holy joy and holy pleasures for holy inhabitants : but the Christian's chief joy will be to be with the Lord Jesus, to behold His glory, and to join in that song of salvation to our God and to the Lamb,—“Blessing, and glory, and wisdom, and thanksgiving, and honour, and power, and might, be unto our God and unto the Lamb, for ever and ever.” And, brethren, who will join in that fong? Those who have washed their robes and made them white in the blood of the Redeemer's facrifice; those for whom His facrifice and mediation have procured pardon ; those whom His Spirit hath purified and made holy. Remember, again, you must be prepared in heart for heaven's joys, as well as heaven's joys pre

you. “ Now unto Him that is able to keep you from falling, and to present you faultless before the presence of His glory with

pared for

exceeding joy, to the only wise God our Saviour, be glory and majesty, dominion and power,

both now and ever. Amen.” (Jude, 24, 25.)



Before I was affliated I went astray : but now have I kept Thy word.-Pfalm cxix. 67.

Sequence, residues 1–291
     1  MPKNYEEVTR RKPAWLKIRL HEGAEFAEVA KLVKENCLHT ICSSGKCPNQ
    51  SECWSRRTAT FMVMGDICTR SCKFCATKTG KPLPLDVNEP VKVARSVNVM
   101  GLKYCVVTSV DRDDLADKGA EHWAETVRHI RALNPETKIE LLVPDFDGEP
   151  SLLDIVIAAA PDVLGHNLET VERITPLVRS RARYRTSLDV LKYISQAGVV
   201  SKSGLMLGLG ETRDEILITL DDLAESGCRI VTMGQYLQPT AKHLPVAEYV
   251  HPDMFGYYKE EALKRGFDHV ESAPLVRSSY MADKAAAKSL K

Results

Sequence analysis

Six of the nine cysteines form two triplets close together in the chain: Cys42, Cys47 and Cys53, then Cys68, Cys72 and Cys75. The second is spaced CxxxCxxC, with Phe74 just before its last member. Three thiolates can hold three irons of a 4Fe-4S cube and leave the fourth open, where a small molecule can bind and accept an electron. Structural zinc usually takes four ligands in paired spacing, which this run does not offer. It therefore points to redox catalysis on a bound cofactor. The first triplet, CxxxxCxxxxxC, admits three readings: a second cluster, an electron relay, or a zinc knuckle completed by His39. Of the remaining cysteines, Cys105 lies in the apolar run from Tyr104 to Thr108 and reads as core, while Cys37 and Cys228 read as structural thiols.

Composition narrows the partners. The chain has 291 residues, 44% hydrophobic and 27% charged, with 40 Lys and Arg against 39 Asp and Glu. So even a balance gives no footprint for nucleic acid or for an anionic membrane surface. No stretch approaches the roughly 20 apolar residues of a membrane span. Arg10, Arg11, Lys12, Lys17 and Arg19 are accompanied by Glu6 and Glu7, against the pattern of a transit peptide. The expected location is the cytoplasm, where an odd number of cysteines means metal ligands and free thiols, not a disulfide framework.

THE harp of Israel's sweet Pfalmist ever awakes responsive chords in the hearts of God's true servants; and when they peruse in David's inspired compositions his evervarying experience, they behold, as in a glass, a corresponding counterpart to their own. It is this which renders the Book of Psalms fo valuable to the Chriftian-this which applies them to the soul, with a deep

power and mighty force, which scarcely, if at all, belongs to any other composition. Here he finds that he is a member to a true brotherhood; that in the Jewish Church and people were sentiments held and uttered kindred to all that is high and noble in hearts energized by the love of the Redeemer. Our possession of the Book of Psalms, in common with the ancient people of Israel, and our equal reverence with them for its sublimities, together with the fact, that to them, humanly speaking, we owe them (as, indeed, all the Divine oracles); and that, as these psalms are appointed to be read in churches, so are they read and sung in fynagogues, adds an additional weight to the lasting gratitude due from the Church of Christ to that people, and a strong ground why, above Turks, infidels, and heretics, they call for our special fympathies and efforts. « Their brotherhood

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